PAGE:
- Do you feel pain when lifting your legs, walking, moving your legs away from you, or stretching your knees?
Your doctor will perform special tests to diagnose groin muscle strain, such as:
Gently move your legs away from your body.
Your doctor will ask you to resist his hand while trying to pull your foot out (muscle strength test) gently.
Gently touch the muscles to pinpoint the exact location of the injury
Your doctor may work with an orthopedist or other specialist for a final diagnosis. An orthopedist may do more tests to confirm the diagnosis and rule out other possible conditions, such as X-rays or magnetic resonance imaging (MRI). Still, these tests are not usually needed to stretch the groin.
Treatment of groin muscle strain
Your doctor will design a special treatment plan to speed up your recovery, including exercises and treatments that you can do at home to help you return to your normal lifestyle and activities.
Treatment in the first 24 to 48 hours
Immediately after consultation, your doctor may recommend the following:
- Avoid walking or any activity that causes pain, rest the affected area and use a cane to reduce further pressure on the muscles when walking.
- Rub ice packs every 2 hours for 15 to 20 minutes.
- Press the area with an elastic band.
Your physiotherapist will design an individual treatment plan for you based on your unique circumstances and goals. Your schedule may include:
Your physiotherapist can use various treatments to control and reduce your pain, including cold and heat therapy, ultrasound, electrical stimulation (TENS), tape therapy, exercise, and practical treatments such as massage. In addition, reduce the need for painkillers, including opiates.
The physiotherapist selects specific activities and treatments to help restore normal movement in the legs and pelvis. This may be due to the “inactive” movements that the therapist performs to slowly move your legs and thighs toward the exercises and Move the active stretches you do yourself.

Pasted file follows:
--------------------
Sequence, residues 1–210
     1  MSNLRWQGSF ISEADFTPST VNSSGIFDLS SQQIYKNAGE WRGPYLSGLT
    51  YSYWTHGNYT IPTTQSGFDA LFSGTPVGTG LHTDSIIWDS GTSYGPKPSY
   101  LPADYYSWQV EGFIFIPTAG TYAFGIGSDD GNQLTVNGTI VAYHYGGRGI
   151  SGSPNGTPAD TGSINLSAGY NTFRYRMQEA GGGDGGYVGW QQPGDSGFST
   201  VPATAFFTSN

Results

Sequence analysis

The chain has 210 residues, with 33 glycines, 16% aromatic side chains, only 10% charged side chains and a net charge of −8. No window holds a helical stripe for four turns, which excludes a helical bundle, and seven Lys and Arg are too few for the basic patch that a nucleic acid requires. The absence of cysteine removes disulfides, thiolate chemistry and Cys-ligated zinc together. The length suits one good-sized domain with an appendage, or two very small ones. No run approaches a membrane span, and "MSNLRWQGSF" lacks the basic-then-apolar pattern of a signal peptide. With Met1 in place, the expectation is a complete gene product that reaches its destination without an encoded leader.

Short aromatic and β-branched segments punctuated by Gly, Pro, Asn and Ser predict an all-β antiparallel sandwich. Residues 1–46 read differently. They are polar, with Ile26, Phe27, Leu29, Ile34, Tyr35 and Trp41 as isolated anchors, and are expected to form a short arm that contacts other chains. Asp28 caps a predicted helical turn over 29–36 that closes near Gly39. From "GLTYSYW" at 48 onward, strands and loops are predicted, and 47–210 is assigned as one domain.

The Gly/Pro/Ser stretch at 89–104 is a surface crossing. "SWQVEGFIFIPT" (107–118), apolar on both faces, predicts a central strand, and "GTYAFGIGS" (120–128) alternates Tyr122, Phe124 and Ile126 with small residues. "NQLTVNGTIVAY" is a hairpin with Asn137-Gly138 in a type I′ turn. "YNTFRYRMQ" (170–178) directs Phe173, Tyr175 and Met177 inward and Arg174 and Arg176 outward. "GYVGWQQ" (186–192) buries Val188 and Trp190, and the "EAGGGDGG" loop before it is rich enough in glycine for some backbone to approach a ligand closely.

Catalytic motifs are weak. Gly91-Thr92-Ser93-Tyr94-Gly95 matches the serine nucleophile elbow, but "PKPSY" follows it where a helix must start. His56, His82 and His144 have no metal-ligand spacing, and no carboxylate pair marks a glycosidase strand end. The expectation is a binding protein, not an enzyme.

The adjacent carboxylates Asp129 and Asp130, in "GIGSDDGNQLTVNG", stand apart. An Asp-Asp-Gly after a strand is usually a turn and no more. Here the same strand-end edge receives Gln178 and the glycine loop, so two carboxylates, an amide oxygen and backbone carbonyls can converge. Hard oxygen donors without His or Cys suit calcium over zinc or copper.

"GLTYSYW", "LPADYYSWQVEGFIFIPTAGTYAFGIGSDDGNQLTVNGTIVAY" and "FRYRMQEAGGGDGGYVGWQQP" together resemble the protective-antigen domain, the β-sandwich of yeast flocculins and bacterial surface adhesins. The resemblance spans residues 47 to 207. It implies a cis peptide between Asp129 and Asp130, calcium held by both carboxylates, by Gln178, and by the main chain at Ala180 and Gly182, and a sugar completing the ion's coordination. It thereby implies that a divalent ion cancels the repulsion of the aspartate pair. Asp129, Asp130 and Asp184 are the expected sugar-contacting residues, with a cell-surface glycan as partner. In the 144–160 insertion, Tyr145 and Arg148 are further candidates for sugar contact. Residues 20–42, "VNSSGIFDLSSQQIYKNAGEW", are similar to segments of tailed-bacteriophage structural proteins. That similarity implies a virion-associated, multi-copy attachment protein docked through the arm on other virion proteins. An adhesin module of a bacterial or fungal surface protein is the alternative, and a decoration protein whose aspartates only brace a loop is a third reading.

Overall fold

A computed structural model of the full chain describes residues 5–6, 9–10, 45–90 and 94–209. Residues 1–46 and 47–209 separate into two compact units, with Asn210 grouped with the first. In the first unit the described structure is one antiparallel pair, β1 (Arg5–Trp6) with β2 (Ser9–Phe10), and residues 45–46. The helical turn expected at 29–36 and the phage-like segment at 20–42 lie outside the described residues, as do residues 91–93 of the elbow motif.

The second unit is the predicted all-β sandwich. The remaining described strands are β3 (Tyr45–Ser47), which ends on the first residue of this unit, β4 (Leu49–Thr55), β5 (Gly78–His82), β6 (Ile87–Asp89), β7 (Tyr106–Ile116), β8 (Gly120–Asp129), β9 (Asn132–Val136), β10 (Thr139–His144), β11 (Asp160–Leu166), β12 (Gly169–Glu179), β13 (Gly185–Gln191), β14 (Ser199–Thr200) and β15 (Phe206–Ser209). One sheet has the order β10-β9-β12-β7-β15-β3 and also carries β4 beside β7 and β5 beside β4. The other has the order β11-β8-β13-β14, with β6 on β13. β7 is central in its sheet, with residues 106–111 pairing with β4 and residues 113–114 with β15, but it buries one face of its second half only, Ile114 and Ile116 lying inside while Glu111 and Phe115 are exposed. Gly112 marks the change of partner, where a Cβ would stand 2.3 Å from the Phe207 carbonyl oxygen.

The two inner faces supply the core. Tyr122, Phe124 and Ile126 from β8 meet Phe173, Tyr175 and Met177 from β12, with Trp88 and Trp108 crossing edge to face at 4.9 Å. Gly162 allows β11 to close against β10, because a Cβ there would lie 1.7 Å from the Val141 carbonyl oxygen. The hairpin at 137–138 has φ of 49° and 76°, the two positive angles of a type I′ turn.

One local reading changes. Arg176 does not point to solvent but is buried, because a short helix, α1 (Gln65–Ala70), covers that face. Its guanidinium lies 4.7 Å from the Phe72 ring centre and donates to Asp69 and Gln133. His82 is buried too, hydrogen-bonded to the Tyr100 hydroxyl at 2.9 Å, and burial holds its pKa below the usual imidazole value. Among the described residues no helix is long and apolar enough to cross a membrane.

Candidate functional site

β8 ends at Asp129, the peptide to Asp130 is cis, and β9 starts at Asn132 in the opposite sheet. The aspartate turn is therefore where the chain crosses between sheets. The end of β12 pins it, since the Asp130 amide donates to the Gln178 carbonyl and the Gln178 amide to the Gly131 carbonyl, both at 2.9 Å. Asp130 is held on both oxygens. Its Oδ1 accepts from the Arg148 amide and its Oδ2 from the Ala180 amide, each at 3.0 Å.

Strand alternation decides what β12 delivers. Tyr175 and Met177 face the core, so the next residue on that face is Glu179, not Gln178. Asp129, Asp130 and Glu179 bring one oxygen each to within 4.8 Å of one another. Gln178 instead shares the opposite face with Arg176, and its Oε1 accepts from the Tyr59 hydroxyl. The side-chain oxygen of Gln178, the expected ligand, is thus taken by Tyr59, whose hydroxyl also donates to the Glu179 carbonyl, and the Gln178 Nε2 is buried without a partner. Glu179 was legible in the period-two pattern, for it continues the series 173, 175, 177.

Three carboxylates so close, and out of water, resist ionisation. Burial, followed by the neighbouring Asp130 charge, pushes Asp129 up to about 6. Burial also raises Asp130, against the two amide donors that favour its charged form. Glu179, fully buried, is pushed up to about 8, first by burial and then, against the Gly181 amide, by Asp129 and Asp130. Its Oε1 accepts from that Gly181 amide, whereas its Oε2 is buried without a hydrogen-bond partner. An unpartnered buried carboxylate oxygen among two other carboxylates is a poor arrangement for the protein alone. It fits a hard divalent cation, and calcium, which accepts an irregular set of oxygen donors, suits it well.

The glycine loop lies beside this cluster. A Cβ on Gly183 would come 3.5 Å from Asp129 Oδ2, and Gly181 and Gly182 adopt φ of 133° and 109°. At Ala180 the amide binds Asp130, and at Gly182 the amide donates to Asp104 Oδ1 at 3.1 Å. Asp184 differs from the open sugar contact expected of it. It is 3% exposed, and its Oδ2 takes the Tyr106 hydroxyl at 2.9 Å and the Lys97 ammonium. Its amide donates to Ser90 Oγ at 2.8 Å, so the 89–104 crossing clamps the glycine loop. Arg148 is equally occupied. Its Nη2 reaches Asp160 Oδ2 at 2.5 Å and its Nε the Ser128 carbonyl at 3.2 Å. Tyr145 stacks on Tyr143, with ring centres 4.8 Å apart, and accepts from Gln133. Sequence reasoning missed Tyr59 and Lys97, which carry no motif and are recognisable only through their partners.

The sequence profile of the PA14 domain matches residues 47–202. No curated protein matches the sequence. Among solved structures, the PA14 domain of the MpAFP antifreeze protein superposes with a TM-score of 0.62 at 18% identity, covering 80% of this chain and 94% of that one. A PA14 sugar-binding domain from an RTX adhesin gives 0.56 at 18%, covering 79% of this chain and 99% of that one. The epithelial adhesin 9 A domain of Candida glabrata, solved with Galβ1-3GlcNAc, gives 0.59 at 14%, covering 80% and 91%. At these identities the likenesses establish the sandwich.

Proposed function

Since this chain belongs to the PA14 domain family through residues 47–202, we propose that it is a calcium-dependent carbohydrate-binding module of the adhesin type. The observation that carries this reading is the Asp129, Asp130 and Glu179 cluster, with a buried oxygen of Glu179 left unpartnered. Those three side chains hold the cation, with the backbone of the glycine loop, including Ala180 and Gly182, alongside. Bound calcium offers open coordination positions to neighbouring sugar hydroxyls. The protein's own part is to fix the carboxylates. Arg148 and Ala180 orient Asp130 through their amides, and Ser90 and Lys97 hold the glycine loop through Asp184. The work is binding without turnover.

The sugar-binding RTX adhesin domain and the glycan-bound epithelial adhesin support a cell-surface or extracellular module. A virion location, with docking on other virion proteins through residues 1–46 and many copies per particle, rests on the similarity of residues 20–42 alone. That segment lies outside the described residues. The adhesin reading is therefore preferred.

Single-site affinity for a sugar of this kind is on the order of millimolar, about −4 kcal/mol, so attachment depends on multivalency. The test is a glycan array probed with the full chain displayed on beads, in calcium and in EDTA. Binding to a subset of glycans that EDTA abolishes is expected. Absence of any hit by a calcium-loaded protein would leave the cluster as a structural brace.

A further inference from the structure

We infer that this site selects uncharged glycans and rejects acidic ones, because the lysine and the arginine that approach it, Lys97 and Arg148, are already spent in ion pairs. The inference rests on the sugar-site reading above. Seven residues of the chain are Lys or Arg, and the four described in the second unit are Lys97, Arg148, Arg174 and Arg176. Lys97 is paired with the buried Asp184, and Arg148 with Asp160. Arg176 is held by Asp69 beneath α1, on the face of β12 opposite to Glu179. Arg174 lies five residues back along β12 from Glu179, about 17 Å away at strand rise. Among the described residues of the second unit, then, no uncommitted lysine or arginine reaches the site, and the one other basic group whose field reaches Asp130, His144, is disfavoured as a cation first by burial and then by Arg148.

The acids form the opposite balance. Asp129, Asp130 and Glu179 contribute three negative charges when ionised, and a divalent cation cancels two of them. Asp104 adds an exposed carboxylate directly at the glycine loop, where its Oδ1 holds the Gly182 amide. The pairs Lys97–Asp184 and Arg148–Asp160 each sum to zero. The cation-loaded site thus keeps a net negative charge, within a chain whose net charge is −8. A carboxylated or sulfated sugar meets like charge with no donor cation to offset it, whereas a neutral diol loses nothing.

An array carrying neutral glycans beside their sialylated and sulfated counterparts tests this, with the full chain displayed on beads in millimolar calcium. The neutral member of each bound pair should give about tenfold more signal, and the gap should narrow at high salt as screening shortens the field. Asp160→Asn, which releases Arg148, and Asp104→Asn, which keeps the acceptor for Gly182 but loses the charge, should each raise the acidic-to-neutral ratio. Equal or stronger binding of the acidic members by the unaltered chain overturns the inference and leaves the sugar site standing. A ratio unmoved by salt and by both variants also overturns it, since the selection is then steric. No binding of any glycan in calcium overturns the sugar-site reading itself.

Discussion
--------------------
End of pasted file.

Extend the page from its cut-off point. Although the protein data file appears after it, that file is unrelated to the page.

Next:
The physiotherapist selects and teaches you the appropriate exercises to regain strength and improve movement. These may include weights, traction bands, weight lifting equipment, and cardio equipment such as treadmills or stationary bikes.
Speed recovery time
Physiotherapists are trained and experienced in selecting appropriate treatment methods and recovery exercises, returning to a natural lifestyle and quickly achieving their goals.
Safe return to activities
Your physiotherapist will work with you to decide on your recovery goals, including returning to work or exercise, and to achieve these goals in the safest, fastest, and most effective way possible, as well as planning exercises and exercises. Does and gently teaches you. Your therapist may also teach you specific exercise techniques and exercises to help you achieve specific exercise goals.
Avoid re-injury in the future.
A physiotherapist may recommend a home exercise program to strengthen and stretch the muscles around the thighs, upper legs, and abdomen, including strength training and flexibility of the leg, thigh, and core muscles to prevent future groin injuries.
If surgery is needed
Surgery is rarely necessary in cases of a groin strain. Still, if the groin muscle is completely torn and needs surgical repair, a physiotherapist can help you minimize the pain, regain your movement and strength, and do so.
Can this Injury or disease be prevented?
The following tips can prevent groin strain:
Gradually increase the intensity of activity or exercise.
Always warm up before starting any exercise activity.
For fitness, even outside of the workout season, follow a regular program of strength and flexibility.
Strengthen the muscles of the inner thigh and groin.
Wear shoes that are in good condition.
Use the correct lifting methods.
A physiotherapist can help you learn more about each of the above recommendations and provide specific training to follow.